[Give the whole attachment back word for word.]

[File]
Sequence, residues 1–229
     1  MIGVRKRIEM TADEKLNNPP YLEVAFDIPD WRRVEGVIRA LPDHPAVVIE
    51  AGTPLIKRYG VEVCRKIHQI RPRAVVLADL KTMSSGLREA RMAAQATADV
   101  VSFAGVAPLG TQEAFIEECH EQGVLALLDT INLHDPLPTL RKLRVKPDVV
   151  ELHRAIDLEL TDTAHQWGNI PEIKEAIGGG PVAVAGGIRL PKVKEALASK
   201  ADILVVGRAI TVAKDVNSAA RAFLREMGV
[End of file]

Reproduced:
Sequence, residues 1–229
     1  MIGVRKRIEM TADEKLNNPP YLEVAFDIPD WRRVEGVIRA LPDHPAVVIE
    51  AGTPLIKRYG VEVCRKIHQI RPRAVVLADL KTMSSGLREA RMAAQATADV
   101  VSFAGVAPLG TQEAFIEECH EQGVLALLDT INLHDPLPTL RKLRVKPDVV
   151  ELHRAIDLEL TDTAHQWGNI PEIKEAIGGG PVAVAGGIRL PKVKEALASK
   201  ADILVVGRAI TVAKDVNSAA RAFLREMGV